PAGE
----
I bought my 16GB iPod Touch two summers ago and I used it like crazy.  Since I didn’t have a smartphone back then, I basically used it for everything.  The apps are fantastic, battery life is great, and let’s not forget that the Touch is still a really nice MP3 player.

On average, I used my Touch 90% of the time for apps and the internet, and the other 10% was for music/audiobooks.  The one real downside of the Touch is that a wifi-only device, so once you hit the road you won’t be able to use most of the internet apps.

I bought a Droid about two weeks ago.  It’s amazing.  It’s exactly the type of phone I’ve always wanted – highly customizable, very fast, and has huge potential for growth.

Since you’re trying to figure out which one to buy, here’s some things to keep in mind about the devices:


– Both have apps.  Touch has way more, but Droid’s app store (called the Android Market) is steadily increasing.  The nice thing about Android phones is that the app market is completely open, which means there are no barriers to entry for a software developer (unlike Apple, who requires an arduous approval process).  If a developer wants to make something for Android, boom, it’s done.  Huge potential for growth here.

– Both support the basics.  They can both play music (although the Touch is probably more refined when it comes to a straight MP3 player).  They both have apps like Facebook, Twitter, YouTube, email, web browsers… pretty much anything you can think of.


– Battery life will be much longer on the iPod Touch, but keep in mind the Droid is also a full-featured cell phone which uses most of the juice.

Here’s where they’re pretty different:

– Touch has Google Maps, but no GPS (and you can really only use the maps when you have a wifi connection).  The Droid uses your cellular network and has a built-in GPS, so not only can it show you maps, it can also do turn-by-turn navigation (which is free!).  It’s a straight-up GPS, and I used it on my last trip to Minneapolis as a total replacement for my old GPS.

– Droid has a cellular network. This was implied before, but this means you’ve got an internet connection anywhere where you go.  Verizon’s network is really impressive, and you’ll browse websites on the Droid just like you would at home.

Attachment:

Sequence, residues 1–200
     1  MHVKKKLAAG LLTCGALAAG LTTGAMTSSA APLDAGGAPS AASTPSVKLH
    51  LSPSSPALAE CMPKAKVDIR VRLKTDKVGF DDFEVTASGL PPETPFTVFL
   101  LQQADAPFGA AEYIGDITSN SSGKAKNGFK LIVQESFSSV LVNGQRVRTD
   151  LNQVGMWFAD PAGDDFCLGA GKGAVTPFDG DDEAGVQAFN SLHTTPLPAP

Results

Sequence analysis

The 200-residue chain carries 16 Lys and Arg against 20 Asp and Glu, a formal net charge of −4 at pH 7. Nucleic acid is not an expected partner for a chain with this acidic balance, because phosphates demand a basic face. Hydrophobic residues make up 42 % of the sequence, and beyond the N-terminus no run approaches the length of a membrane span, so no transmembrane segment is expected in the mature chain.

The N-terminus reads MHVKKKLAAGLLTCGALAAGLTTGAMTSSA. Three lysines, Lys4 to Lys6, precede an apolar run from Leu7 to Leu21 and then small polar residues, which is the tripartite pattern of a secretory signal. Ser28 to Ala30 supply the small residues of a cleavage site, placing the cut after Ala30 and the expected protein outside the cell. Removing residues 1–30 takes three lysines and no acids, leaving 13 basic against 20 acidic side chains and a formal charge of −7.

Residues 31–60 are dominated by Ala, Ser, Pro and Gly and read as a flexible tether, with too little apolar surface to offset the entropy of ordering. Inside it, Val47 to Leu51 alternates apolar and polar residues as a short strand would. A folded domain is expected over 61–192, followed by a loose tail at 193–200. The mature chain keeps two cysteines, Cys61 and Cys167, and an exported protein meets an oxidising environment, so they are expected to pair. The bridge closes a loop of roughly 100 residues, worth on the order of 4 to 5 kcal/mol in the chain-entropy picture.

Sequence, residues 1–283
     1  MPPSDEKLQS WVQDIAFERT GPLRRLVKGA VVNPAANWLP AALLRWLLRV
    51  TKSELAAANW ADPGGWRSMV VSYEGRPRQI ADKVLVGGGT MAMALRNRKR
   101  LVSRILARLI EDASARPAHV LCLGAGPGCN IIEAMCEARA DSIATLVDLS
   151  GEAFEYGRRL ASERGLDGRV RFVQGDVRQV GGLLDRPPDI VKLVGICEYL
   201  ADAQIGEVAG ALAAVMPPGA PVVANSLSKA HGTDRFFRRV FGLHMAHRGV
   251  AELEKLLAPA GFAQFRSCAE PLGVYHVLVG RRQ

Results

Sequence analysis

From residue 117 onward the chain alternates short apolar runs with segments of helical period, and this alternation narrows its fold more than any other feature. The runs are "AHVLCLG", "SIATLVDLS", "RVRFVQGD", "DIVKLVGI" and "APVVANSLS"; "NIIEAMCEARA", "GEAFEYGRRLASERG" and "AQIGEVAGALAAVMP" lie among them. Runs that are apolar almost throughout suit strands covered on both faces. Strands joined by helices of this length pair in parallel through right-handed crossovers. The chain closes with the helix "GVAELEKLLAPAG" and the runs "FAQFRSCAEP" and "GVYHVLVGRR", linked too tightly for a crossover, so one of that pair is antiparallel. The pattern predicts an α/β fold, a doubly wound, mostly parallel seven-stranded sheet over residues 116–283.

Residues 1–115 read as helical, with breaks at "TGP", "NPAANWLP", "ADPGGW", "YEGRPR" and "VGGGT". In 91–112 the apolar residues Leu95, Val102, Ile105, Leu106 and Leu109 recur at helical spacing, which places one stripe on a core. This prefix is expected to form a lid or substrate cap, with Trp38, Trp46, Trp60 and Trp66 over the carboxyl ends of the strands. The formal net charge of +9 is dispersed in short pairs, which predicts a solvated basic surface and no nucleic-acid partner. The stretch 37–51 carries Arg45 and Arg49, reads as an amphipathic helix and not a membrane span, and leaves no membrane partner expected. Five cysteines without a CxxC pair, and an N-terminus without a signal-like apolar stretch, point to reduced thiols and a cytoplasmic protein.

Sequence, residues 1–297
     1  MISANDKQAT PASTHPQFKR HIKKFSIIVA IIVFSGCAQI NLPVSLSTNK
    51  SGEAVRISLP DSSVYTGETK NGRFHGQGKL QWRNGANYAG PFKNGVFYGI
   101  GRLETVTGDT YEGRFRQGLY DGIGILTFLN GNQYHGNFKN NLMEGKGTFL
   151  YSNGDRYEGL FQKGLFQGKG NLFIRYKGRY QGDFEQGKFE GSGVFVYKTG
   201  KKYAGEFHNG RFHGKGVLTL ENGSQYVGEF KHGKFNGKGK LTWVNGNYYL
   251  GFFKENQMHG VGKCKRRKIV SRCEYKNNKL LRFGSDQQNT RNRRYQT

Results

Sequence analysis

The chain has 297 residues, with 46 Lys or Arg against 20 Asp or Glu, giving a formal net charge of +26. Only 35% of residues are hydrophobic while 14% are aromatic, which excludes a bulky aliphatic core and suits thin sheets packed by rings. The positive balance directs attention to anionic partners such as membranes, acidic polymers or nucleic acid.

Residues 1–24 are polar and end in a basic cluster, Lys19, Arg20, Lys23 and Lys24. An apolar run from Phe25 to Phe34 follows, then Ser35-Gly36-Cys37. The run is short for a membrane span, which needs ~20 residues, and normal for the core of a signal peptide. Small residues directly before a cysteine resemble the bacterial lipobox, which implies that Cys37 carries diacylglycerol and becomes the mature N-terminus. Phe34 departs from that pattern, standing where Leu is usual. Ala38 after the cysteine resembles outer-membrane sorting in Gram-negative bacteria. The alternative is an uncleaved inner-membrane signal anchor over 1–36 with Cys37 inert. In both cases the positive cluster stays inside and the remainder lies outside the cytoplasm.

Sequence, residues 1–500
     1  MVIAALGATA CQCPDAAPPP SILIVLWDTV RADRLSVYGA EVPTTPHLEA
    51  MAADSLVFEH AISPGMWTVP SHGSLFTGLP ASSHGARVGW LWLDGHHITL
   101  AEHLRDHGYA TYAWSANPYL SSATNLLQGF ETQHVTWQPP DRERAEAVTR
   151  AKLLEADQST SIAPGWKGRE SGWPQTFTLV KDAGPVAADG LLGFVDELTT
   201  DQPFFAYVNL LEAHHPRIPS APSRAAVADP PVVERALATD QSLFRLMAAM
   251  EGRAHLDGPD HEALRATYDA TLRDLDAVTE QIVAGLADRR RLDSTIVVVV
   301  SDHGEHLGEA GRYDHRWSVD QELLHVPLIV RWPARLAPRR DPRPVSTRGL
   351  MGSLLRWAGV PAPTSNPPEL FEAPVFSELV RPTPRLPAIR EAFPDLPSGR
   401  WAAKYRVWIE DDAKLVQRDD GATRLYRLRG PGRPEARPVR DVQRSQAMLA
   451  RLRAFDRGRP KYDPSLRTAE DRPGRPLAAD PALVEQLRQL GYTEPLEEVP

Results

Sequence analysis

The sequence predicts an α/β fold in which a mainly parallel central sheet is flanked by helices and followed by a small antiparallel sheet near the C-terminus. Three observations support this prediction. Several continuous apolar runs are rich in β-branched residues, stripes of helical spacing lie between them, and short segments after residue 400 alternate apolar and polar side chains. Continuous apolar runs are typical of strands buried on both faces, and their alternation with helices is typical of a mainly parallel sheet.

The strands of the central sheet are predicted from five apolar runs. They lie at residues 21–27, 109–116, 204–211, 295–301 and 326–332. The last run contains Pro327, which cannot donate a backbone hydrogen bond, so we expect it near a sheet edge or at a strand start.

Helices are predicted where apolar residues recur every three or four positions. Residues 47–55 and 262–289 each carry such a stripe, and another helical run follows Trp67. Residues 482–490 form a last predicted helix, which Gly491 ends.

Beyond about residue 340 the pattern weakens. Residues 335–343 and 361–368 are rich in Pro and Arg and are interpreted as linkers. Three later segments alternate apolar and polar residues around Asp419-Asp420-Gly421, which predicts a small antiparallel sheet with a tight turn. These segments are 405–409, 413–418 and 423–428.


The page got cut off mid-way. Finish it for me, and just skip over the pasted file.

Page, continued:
– Touch is much simpler and easier to use.  For a person like me this can be frustrating (I like menus! And settings!), but you can’t beat it for ease of use and using it for what it was intended – enjoyment.  The Droid, on the other hand, lets you customize basically every facet of the phone (and the things you can’t change can typically be modified with apps from the Android Market).  This is a blessing and a curse – even I found the Droid to be a little daunting when I first started using it.

– Droid has a camera (5 megapixels), the Touch has no camera.

– Both are touchscreen devices.  They both have “virtual keyboards”, which are keyboards on the touchscreen, but the Droid has an actual slide-out physical keyboard.  I’ve never had one of these before and I really like it.  A lot of people complain about the keyboard though, so your mileage may vary.  The Droid offers both landscape and portrait virtual keyboards in almost all applications, but the Touch only offers landscape virtual keyboards in applications that support it.


– As for size, they’re about the same dimensions but the Droid is much thicker (again, the cell phone is the reason for this).  The Droid is heavier than the Touch.

– Droid supports a bunch of Google services out-of-the-box (Android was designed by Google).  This means that Gmail, Google Calendar, your Google contacts, and several other services are automatically synchronized to the phone and are deeply integrated.  This makes it really easy to manage your data.  Touch can do these things too, but it’s more “added on” and not as smooth in my opinion.

– Total cost of ownership: the iPod Touch costs around $300 and that’s all you’ll every pay to use it (excluding purchases from the app store). The Droid costs $200 with a new 2-year contract, and you’ll need a voice plan (starting at $39.99/month) as well as a data plan ($30/month). That puts the total cost of ownership for the Droid at about $1,040 for the first year (includes price of the phone) and $840 for successive years (network charges). Plus tax.

Overall, I’ve loved both of these devices.  I still use my Touch (mainly because DRM-encrypts their audiobooks and they don’t support Android yet – that’s another rant altogether) but for all intents and purposes, the Droid gets all of my attention.

I love being connected everywhere I go, and the Droid does a fantastic job of integrating all my Google services, Facebook, Twitter… everything.  It’s a fantastic device.

A Not-So-In-Depth Review of Apple’s Snow Leopard